Mindfulness for Teachers and Parents – How Not to Explode
Have you ever had one of those times when everything feels loud? There’s so much to do and no one is listening and all you really want is to hide in the bathroom, also because you haven’t had a chance to go to the bathroom after that big morning cup. What saves me (most of the time) from losing it in these moments is my mindfulness practice.
When I was invited to contribute to Mindfulness Month: Yoga for Kids and Families with a 5 minute video called How Not To Explode: 3 Mindful Tips to Help You When Your Fuse is Running Short (shared below), I got excited to talk about this wonderful practice because it has had such a positive impact on the way I teach and so many other parts of my life. This stuff makes a difference!
Make a Difference with Mindfulness
Parents and teachers, like you, make a difference in the lives of children every single day.
The harsh truth is that there are times when the difference we make is not the one we intended. Situations can get difficult and we lose patience and lash out at those we love. Instead of feeling better, we’re left feeling full of regret.
Those who embark on a mindfulness practice more easily identify the triggers that cause us to explode. With less explosions we become happier people. The added benefit is we also have more success teaching mindfulness to children because we will be teaching from a place of experience. Its hard to teach something you don’t actually practice yourself.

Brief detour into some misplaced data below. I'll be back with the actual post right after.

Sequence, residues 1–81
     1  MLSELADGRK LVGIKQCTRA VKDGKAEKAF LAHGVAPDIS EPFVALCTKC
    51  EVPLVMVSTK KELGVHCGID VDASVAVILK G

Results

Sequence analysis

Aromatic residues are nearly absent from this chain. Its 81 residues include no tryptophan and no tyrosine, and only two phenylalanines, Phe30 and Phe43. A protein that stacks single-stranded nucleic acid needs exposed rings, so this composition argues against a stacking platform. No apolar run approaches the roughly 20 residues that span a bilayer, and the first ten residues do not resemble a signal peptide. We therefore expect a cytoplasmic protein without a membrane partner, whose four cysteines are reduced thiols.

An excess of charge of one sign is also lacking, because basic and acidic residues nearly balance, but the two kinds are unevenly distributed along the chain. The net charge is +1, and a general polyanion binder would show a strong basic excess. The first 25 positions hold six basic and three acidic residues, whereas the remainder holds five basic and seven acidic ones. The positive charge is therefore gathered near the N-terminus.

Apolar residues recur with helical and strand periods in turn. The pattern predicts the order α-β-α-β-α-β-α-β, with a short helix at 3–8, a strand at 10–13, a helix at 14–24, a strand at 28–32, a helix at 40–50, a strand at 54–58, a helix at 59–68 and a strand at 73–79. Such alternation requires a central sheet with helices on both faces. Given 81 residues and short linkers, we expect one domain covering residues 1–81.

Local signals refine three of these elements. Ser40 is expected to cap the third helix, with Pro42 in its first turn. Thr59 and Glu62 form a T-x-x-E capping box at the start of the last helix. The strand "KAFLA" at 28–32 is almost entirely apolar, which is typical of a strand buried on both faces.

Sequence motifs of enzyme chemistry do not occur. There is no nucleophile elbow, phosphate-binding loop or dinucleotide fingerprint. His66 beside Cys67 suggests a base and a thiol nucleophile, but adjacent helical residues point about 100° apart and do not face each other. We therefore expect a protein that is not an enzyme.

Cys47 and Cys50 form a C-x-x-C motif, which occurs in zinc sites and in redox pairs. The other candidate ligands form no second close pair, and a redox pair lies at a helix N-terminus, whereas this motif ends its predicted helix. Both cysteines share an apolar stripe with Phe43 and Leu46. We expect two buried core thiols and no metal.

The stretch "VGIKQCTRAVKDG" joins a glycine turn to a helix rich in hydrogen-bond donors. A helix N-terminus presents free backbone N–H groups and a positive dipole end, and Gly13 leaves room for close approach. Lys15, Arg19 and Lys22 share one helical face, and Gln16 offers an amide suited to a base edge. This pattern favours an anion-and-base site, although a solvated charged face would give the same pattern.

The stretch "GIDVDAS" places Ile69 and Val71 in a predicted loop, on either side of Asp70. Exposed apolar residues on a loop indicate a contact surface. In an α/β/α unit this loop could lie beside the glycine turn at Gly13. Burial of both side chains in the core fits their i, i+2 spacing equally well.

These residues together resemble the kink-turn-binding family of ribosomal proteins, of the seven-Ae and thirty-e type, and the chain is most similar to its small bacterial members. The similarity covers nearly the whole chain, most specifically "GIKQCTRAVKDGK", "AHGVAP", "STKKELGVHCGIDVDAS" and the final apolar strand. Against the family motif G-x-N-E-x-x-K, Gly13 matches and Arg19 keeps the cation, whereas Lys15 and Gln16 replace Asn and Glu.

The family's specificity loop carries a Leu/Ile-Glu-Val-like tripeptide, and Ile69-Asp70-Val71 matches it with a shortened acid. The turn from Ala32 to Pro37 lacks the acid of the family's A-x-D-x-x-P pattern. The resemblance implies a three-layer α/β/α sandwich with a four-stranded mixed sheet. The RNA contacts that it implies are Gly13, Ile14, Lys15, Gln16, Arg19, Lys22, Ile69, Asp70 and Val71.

What is Mindfulness?
Mindfulness can be practiced in many ways but always includes these two important aspects:
- Mental Focus: paying attention,
- Heartfelt Intention: kindness/openness/curiosity.
The founder of Mindfulness Based Stress Reduction (MBSR) describes it this way in a Time Magazine article:
You could think of mindfulness as wise and affectionate attention.”
John Kabat-Zinn, Time Magazine, 2012
Evidence also shows that even a few weeks of a Mindful practice produces positive benefits.
How to Practice Mindfulness in Everyday Chores
So how do we “do” mindfulness? I started practicing Mindfulness with my everyday chores, beginning with a chore I really don’t like: washing the dishes.
This was inspired by a teaching story I heard about a seeker who wanted make a change so he went to serve in a Mindful community. He was told by the manager that he wasn’t yet ready to serve. “Well can’t I even wash the dishes?” the seeker protested. With kindness the manager asked him why he would wash the dishes. “Why? To get them clean of course.” The manager replied, “In our mindful community we don’t wash the dishes to get them clean. We wash the dishes to wash the dishes.”
Buddhist Master Thich Nhat Hanh explains this subtle difference this way: